23 January: the world watched in amazement as China locked down Wuhan, and restricted travel elsewhere.
28 January: New Zealand banned travel from China (against the advice of WHO). WHO didn’t appreciate how poorly prepared NZ was for such a disease. My bike accessories are going to take longer to arrive from China.
3 February: Share prices down in NZ due to worries about tourism and education markets.
4 February: Mercy flight bringing 158 New Zealanders from Wuhan arrived. The passengers go to quarantine in Whangaparaoa for 2 weeks.
25 February: Big drop in share price all over the world as Chinese production dries up and recession looks inevitable.
28 February: first confirmed case of the virus in NZ in a woman who traveled from Iran.
2 March: Travelers from Northern Italy and South Korea are required to self-isolate for 2 week.
16 March: I bought a freezer to stock up on meat. Who knows what is going to happen, but NZ is not immune to what is happening overseas. Time to start hoarding flour, rice, canned food etc.
18 March: the government warns NZers overseas to come home while they still can.
21 March: The PM announces the 4 level alert system and says that NZ will immediately go to level 2.
23 March: With confirmed infections growing the PM announces that NZ will move to level 3 and that level 4 will start in 2 days time for 4 weeks. I go home early to get my home office set up.
24 March: I return to the office (by bike) to pick up some more possessions, and to reset my password in anticipation that it might be difficult from home. Lots of people were taking chairs desks, screens etc home so that they could set up. Nobody knew how long before we could return.
26 March: Working from home: At lunchtime I went out for a bike ride around the Hutt valley. There were almost no cars. It was quiet, and the smells had gone. I could enjoy lockdown I think.
The toastmaster’s project “Write a compelling blog”.
The project requires me to write a minimum of 8 blog posts in a month. That means that I will be adding a post every 2-3 days to this blog during September. I will probably write about the things that occupy my thoughts:
I might also throw in something else just to confuse people.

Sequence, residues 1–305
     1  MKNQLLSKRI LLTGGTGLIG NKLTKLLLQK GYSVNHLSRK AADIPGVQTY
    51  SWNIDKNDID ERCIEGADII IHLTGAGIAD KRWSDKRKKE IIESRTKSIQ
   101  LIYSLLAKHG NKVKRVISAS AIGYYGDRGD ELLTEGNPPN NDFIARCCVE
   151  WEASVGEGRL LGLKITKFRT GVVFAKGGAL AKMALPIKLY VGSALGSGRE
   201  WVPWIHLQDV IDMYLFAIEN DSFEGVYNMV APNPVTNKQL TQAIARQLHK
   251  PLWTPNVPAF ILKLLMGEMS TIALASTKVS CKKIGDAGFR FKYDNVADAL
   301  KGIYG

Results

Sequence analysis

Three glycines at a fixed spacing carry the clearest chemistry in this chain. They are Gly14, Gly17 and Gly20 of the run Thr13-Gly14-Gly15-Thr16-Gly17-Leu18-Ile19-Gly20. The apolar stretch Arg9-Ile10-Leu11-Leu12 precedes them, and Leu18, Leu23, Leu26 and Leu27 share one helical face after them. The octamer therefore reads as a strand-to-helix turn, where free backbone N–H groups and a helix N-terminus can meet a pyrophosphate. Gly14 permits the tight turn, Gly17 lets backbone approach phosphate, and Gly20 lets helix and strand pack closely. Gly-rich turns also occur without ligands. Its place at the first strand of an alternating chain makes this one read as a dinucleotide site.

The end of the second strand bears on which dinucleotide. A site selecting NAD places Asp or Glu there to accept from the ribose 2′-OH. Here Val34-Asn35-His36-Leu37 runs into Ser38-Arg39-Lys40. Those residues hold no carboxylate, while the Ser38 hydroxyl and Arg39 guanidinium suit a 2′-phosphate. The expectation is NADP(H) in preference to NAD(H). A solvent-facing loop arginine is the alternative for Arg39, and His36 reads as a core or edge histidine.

So lots have happened since I last picked up my pen keyboard. In response to the pandemic, NZ has settled on a strategy of elimination and we experienced 5 weeks of stringent lockdown, followed by slowly freeing up until we had 2 months of almost normality. Now that we are in the second phase of a second wave it might be another 2 weeks of level 2 before we can breathe again.
So yesterday, I decided I needed to go back to the office and toastmasters. It was great to get back on the bike, and as a bonus the days have lengthened to the point that it was light at 7am when I left home. Traffic seemed as heavy as ever, and my legs seemed sluggish after days of inactivity.
The office was mostly empty with only 3 others on my part of the floor. It was nice to visit a cafe for lunch and have some real conversations. Work meetings were online and I could have done everything from home just as easily. This is our new normal – we are allowed to go to the office but no more than half of us can be there at once. No more than 2 people in a lift at a time, and the stairs are marked, one set for up and the other for down. Most people are happy to stay at home.
Toastmasters at level 2 is much the same without the handshakes. We space the chairs out and probably our capacity is not much more than 10.
More people are scanning the QR codes, but still not enough. The only way we can avoid lockdowns is to know quickly who we are in contact with so tracing is quick. We will continue to get outbreaks. People and goods are coming and going and although we make the odds of infection form each interaction low, over time it adds up. NZ’s situation of many weeks of level 1 freedom interspersed with 2-4 weeks of restrictions when some gets through, is probably the best we can get. It would be nice to think we can share travel bubbles with the islands (without putting them at risk) or other countries (without putting us at risk), but that seems far off.
I wrote a speech (below) 3 years ago about voting and the election. I pondered how the chosen government would react to a war, a recession or earthquake. I didn’t think about a terrorist attack, a volcano or a pandemic, but I am happy with our choice, as I think the leadership we have experienced has been exemplary.
…and just as I write this, I learn that someone has died from covid-19 in Middlemore. It seems he has been in ICU on a ventilator for some time. It is very sad, and underlines how much we need to control the virus until we have effective medicines and/or a vaccine.